1890Bryant-ad-sm2If you can only go to one party all night, this is the one!  Cynthia Tom and Tanya Wilkinson are sharing a studio – both have been featured on SF Art News.  But there are 50 artists in the building and most will be showing on Friday night.  Don’t miss Jeremy Sutton‘s studio.  Always a crowd favorite, there is a good chance he will be dancing the night away on his permanently installed dance floor (who knows when the urge to dance will suddenly strike?).  This building has some of the Mission’s most impressive artists.  In addition to the one’s that I named above, I always try to make it to see Annie Arrasmith, Aubrey Rhodes, Katja Leibenath, Trish Tunney and Sevilla Granger.  Visit everyone!  This building has attracted some amazing artists – discover your own favorites.  This should pretty much stick a fork in me for the night.  After 1890, I’m heading home to rest up for Saturday and Sunday – so many artists and so little time.

I am going to try to get to as many studios as possible over the weekend.  For anyone who wants to join me in my marathon efforts, I will be starting at the Coffee Bar on both days around 10am – email me at to let me know you want to tag along.  This means that my intinerary is simply too long to post, so I am going to just give you the highlights.  For starters, in addition to 1890 Bryant Street Studios, there are several large group sites that are part of Mission Artists United, which you definitely want to start with:


Project Artaud
499 Alabama Street

OS09-1.inddEvery year, I start my SF Open Studios adventure here.  Why?  Because this is “ground zero” for San Francisco Open Studios.  This is, as they put it, the pioneering artist live-work space in San Francisco.  A number of the original Open Studios founding artists lived at Artaud when SF Open Studios started 34 years ago.   I come in through the Alabama Street entrance and walk into the courtyard studio of Pico Sanchez, “The Prince of Artaud“.  I walk through his live-work space and enter into the maze of studios that is Project Artaud.  Once again, this is a building with a lot of serious artists.  Try to get to as many as possible, not only because they are wonderful artists, but also because the live-work environment is so incredibly interesting.  A few of my favorites, in addition to Pico:  Victor Cartagena, Carrie Nardello, William McElhiney and Dale Erickson.


Developing Environments
499 Alabama Street

EwingFrom Artaud, I am going to start following the footsteps on the sidewalk and street to the other Mission Artists United group sites.  Developing Environments, just around the corner is another seminal live-work space.  Not as many artists actually open their live-work spaces here, but it still definitely worth visiting.  I plan to visit the studio of Jennifer Ewing.  Her work is also featured at the Kathleen McMahon Gallery over at ActivSpace, where there will be a Friday night reception.  I will check out her work there, as well, since ActivSpace will be my next stop on Saturday.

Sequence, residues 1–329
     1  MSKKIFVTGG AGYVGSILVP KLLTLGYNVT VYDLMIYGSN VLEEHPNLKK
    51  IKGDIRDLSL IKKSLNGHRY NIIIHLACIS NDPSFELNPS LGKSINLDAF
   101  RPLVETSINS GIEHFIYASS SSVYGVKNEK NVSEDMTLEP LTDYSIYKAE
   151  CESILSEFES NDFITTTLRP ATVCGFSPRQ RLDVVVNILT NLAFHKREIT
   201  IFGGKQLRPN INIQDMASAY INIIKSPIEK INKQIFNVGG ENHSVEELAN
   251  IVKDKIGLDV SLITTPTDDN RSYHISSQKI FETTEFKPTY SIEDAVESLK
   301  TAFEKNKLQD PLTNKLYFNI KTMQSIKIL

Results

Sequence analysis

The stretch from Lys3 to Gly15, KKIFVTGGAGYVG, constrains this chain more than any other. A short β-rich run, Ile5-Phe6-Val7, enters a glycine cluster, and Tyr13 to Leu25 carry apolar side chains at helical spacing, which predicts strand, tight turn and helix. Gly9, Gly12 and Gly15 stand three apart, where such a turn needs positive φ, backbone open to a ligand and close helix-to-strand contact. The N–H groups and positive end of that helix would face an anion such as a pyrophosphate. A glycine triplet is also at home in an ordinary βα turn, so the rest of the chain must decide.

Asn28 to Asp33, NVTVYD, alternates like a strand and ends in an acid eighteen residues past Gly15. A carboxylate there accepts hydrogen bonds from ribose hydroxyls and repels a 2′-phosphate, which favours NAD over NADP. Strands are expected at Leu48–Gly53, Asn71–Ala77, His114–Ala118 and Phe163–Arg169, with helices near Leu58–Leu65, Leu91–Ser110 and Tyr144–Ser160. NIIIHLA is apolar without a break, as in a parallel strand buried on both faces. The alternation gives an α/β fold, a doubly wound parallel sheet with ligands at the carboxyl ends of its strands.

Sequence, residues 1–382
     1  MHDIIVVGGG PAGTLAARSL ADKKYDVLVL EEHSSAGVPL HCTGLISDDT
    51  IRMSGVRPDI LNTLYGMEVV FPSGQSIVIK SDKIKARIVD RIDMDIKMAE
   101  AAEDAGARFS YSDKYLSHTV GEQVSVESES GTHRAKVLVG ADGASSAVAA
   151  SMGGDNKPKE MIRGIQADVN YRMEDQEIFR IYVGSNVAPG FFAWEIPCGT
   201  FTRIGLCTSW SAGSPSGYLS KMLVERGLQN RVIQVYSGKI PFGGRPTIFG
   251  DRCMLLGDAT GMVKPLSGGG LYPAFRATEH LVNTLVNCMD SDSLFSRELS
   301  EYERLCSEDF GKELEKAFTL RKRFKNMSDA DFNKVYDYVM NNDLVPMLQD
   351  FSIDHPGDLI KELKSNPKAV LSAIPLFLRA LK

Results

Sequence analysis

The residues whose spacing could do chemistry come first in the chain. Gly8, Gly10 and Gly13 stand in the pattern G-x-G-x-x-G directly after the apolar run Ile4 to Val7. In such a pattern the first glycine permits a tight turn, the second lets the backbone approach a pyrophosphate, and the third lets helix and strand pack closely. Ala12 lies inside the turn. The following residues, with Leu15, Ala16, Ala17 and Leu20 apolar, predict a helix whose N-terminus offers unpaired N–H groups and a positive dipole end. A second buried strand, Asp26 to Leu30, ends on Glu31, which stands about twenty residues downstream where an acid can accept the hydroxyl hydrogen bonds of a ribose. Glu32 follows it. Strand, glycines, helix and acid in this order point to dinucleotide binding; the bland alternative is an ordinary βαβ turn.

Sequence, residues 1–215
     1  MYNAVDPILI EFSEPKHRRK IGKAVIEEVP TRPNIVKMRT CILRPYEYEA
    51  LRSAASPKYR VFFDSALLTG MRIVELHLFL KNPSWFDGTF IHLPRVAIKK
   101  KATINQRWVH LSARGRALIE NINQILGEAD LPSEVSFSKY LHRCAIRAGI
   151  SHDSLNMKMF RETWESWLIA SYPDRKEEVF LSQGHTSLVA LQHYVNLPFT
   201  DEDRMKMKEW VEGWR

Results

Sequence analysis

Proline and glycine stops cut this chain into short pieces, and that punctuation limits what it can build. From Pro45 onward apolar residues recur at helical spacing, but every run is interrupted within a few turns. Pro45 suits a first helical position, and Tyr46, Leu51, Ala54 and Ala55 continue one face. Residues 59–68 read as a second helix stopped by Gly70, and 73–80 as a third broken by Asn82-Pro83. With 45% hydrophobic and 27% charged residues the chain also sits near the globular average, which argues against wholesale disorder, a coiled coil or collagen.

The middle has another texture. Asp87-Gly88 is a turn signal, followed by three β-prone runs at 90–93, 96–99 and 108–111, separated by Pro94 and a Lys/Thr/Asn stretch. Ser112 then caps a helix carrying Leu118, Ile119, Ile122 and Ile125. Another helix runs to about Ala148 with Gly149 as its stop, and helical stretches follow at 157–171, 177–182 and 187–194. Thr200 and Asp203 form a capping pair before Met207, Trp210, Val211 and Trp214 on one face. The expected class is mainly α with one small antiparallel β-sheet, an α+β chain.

3150 18th Street


Kristin Grahn

Where Project Artaud and Developing Environments have been part of San Francisco Open Studios from the beginning, ActivSpace is very much the new kid on the block.  They opened there doors to a vibrant mix of artists, entrepreneurs and trades people in 2008.  From the start, they have been demonstrated that they value community, actively participating in the Mission community and the community of San Francisco artists. Kristin Grahn, David Bontempo, Sandra Masae Kawano and Jonathan Yen are among the artists circled on my map.



Workspace Ltd
2150 Folsom Street

WorkspaceThe last major group site (whoa – think I need some caffeine!) is going to be WorkSpace Limited.  This is a major site with more than 50 artists, many of them participating in SF Open Studios.  This is one of my “don’t miss” studios every year.  This year, I have circled Maxine Solomon, Derek Nunn, Charli Ornett and Delfina Piretti on my map; but who knows what other artists I will discover during my visit?



Silvia Poloto
442 Shotwell Street

ObservationsGreen1And finally, my personal favorite – the fabulous live-work space of Silvia Poloto.  It is an oasis for a tired art trekker.  Who would ever guess that a studio this fabulous lurked behind the industrial facades of Shotwell Street.  And the art? Oh my.  I profiled Silvia on SF Art News earlier this year in an article that I titled “Art=Life=Art“.  Truly hers is a life that is fully immersed in life.  I am a traditionalist.   When I dine, I save dessert for last, because I love dessert.  On Saturday, when I over-indulge in art, I will still have room for Silvia, because there is always room for dessert.




After Saturday’s marathon, I plan to be a little more relaxed on Sunday.  Mostly, I will be focusing on individual or small group studios.  Here are a few that I will definitely be visiting:


Alan Mazzetti
834 Moultrie Street

MazzettiI have known Alan for years.  As usual, he will be exhibiting at the Garage Gallery on Weekend Three.  Here, however, is a rare opportunity to see his actual, real studio in Bernal Heights.  And since this is my stomping ground, I will be stopping by.



Rebekah Goldstein
69-A Richland Avenue

GoldsteinAnother Bernal Heights artist – I am not really familiar with her work.  Just liked her image in the catalogue.  I am a sucker for collage.



Somboun Sayosane
292 Whitney Street

SombounI have always been partial to Samboun’s work.  Plus, once again, the home studio is spitting distance from my house.  And, to some extent, the original idea of Open Studios was to open real working studios to the public.  San Francisco Open Studios is dominated by the large group sites and I love visiting them.  But I also love to visit the home studios right in my neighborhood.  And, that is what Sunday will be largely dedicated too.  I have not decided what other studios I will visit on Sunday.  And, I may visit some smaller group sites too.  But, I am definitely largely reserving Sunday to Bernal Heights, Glen Park and Noe Valley – as many artists as  I can fit in.


Hope everyone has as much fun this weekend as I am going to have and GET YOUR ART ON!